Rethinking Informal Labor Through the Lens of Film Production in Cairo

Mariz Kelada 07.26.2022

Many movies, television shows and advertisements film on location in the busy and crowded streets of Cairo. Mariz Kelada explains with ethnographic detail the complex and multilayered work of production assistants, fixers and sub-fixers to create the right conditions and relationships for filming in diverse neighborhoods and navigating inevitable tensions. Despite their precarious status as informal workers, she makes the case that their labor is integral to the formal system of media production in Egypt.

Bitcoin Cannot Free Palestine

Hadas Thier 07.20.2022

Could the use of Bitcoin allow Palestinians to escape Israeli control over the economy and money in the West Bank and Gaza Strip? Hadas Thier examines the arguments of the crypto enthusiasts and finds serious problems with their vision of liberation via Bitcoin. Thier talks to political economist Sara Roy, whose scholarship on de-development in Gaza is being used by some Bitcoin boosters, about the real roots of Palestinian oppression and why cryptocurrencies are not the solution.

The Shifting Politics of Debt in Turkey

State-sponsored credit campaigns are not a new strategy for Turkish governments but the low-interest consumer loans that were extended to almost 7 million people in the first months of the Covid-19 pandemic surpassed all earlier financial inclusion programs. Inviting masses into the financial sector amid stagnating or declining real wages and expecting people to reinvent themselves as entrepreneurs or small-scale investors were the main pillars of the project. It did not, however, solve the problems faced by low-income groups, women and minorities. Ali Rıza Güngen examines the state’s shifting approach to debt and the consequences for borrowers.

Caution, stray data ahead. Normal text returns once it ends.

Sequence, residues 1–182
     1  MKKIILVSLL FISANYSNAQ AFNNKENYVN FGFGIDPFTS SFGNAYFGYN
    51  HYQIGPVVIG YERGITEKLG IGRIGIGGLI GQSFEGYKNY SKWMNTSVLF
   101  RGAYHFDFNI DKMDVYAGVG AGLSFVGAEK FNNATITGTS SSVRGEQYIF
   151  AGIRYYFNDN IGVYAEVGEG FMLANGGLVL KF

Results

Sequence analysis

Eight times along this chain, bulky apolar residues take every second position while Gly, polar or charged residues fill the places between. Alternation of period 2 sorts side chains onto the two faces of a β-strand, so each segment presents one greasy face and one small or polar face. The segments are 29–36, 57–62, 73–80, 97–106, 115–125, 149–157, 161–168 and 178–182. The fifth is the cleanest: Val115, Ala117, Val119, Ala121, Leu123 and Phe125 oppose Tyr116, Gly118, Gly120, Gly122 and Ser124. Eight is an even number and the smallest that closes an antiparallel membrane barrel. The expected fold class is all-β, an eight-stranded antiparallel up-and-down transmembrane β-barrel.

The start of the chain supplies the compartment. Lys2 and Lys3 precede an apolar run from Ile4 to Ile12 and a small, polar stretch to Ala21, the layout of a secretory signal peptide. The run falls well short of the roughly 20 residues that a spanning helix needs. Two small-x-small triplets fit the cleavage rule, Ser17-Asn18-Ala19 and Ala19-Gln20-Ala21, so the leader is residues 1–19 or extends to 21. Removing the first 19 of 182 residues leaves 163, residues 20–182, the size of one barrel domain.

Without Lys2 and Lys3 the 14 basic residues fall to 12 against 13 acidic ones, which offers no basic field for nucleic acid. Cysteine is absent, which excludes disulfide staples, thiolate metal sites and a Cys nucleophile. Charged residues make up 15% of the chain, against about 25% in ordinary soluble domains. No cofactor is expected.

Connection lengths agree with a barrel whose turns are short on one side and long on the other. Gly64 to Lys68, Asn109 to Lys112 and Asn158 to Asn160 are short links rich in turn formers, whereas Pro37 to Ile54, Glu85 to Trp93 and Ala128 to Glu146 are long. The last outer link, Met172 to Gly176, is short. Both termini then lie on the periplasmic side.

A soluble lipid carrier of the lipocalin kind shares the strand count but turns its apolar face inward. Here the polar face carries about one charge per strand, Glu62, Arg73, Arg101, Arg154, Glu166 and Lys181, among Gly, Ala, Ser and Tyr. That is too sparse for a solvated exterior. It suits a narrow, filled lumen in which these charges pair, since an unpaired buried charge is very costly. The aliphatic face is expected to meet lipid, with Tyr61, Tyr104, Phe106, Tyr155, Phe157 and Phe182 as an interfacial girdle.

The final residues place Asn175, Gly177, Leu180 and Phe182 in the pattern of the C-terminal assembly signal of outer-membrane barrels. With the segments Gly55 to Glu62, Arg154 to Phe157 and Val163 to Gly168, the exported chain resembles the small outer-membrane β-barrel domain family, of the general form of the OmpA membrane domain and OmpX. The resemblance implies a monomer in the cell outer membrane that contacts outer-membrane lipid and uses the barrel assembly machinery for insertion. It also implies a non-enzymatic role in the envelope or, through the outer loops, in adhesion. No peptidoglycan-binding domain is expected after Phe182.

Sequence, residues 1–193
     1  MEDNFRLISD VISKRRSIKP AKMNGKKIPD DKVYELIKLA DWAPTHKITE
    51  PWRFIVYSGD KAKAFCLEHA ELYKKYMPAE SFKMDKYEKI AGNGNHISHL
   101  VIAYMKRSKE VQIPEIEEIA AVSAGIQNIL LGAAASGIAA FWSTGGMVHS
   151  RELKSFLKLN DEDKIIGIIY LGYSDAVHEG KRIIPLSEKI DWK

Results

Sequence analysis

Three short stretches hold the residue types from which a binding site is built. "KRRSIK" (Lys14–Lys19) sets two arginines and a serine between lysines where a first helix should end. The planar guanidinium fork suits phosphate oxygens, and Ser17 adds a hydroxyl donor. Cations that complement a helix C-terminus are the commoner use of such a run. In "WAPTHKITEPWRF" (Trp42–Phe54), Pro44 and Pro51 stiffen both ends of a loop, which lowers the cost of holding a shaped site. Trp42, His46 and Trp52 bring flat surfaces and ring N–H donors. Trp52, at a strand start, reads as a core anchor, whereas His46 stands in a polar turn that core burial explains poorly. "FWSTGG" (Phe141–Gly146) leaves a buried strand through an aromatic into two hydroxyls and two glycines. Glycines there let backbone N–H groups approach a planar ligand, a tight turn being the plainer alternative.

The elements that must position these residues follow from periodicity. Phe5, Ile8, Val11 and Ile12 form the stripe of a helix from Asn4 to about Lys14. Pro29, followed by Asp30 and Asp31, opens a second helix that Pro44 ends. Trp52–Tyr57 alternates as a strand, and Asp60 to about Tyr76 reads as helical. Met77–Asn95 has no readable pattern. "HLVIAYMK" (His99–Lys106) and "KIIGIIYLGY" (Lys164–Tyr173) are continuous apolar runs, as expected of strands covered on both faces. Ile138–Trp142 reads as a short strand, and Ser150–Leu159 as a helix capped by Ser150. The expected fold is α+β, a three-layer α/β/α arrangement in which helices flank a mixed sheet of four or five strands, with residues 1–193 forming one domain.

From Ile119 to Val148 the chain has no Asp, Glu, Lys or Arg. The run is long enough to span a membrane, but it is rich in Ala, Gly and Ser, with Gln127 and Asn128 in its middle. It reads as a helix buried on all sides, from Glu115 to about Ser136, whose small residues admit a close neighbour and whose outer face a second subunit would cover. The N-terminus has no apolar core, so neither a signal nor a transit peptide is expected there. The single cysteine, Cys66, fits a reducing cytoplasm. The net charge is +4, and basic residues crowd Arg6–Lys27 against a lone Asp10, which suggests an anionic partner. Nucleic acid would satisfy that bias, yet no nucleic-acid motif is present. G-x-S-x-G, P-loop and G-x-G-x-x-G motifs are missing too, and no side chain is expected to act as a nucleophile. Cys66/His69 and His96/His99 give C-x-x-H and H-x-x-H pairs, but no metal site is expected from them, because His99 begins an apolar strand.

Competing Visions for Rebuilding Lebanon’s Collapsing Energy Sector

With Lebanon’s crumbling power sector in crisis and unable to meet even a fraction of demand, the government and reformers offer competing visions for how to fix it. Zachary Davis Cuyler delves into the country’s currently dire financial and energy situation, the proposed solutions and their implications for the ruling elite and the increasingly impoverished Lebanese people.

Multiculturalism, Democracy and Turkification in Netflix’s The Club

James Ryan 05.24.2022

The Club (Kulüp), produced by Netflix, is set in the mid-1950s among the cast, crew and management of a trendy nightclub in the Beyoğlu district of Istanbul. In addition to the use of Ladino, the language of Turkey’s Jewish population, the show uniquely represents Istanbul’s minority populations, their contributions to cultural life and their experiences of persecution. James Ryan elucidates these unusual characteristics that distinguish the show from a typical Turkish soap opera and provides fascinating context to its real-life historical elements.

Genocide, Historical Amnesia and Italian Settler Colonialism in Libya—An Interview with Ali Abdullatif Ahmida

In the late 1920s, the Italian fascist regime implemented a campaign of ethnic cleansing in eastern Libya to create more land for Italian settlers and quell armed resistance to colonization. Ali Abdullatif Ahmida’s new book, Genocide in Libya: Shar, a Hidden Colonial History, examines this forgotten case of settler-colonial violence. Jacob Mundy talks to Ahmida about the genocide, the kind of research methods he had to develop to uncover this history and its present-day relevance.